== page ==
Over the past week, Ana Marie Cox’s debut novel, Dog Days, has netted three — count ’em! one-two-three — articles in The New York Times. And none of their authors seem to be on quite the same page.
Janet Maslin (1/3): “Dog Days manages to be doubly conventional: it follows both an old-fashioned love-betrayal-redemption arc and the newer, bitchier nanny-Prada chick-lit motif…Any smart Web site would mock her [protagonist’s] final gesture: turning on her laptop and writing the opening lines of this book.”
Christopher Buckley (1/8): “…if this sparkly, witty – occasionally vicious – little novel is any indication of Wonkette’s talent, then Cox ought to log out of cyberspace and start calling herself Novelette.”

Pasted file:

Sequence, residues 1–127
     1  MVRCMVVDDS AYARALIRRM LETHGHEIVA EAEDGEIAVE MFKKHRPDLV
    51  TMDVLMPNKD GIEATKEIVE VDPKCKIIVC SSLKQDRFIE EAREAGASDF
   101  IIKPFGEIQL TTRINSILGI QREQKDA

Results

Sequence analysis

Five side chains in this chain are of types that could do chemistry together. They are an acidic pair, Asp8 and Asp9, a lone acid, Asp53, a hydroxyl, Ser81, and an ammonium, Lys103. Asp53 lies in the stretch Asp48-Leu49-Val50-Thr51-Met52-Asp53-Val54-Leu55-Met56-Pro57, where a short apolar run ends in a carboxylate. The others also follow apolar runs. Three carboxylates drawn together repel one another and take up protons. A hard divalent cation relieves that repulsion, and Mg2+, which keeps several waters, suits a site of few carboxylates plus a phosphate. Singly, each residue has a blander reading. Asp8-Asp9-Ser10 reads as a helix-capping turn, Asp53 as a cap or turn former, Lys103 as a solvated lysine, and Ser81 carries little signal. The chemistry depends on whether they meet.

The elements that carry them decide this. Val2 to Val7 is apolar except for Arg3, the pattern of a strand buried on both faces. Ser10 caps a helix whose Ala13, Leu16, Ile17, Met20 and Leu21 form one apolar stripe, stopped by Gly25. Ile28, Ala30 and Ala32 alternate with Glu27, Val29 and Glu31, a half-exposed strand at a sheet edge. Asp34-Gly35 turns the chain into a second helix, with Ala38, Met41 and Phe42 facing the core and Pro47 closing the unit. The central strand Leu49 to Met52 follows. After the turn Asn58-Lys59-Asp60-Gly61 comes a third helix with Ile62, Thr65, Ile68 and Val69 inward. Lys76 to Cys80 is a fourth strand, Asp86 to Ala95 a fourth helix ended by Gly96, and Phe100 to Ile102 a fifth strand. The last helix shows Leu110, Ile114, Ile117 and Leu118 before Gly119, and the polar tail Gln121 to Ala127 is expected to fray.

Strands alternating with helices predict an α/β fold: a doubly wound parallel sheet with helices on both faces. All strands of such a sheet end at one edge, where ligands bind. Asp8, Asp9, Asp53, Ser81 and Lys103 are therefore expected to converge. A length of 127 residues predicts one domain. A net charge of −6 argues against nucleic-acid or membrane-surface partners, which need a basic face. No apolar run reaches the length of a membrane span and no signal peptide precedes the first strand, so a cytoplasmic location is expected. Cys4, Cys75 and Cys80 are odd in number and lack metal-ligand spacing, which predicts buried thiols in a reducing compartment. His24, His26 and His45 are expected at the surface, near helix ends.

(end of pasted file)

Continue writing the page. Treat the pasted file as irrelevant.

David Carr (1/5): “Dog Days is like a lot of first-time novels in that it takes the author’s day-to-day existence and heats it up a few notches…the plot is on the hoary side.” [He also calls Cox “a Katharine Hepburn with a severe case of potty mouth.”)
If the Times continues apace, its writers may just exceed the book’s own word count with alternate expressions of praise and political piñata-whacking.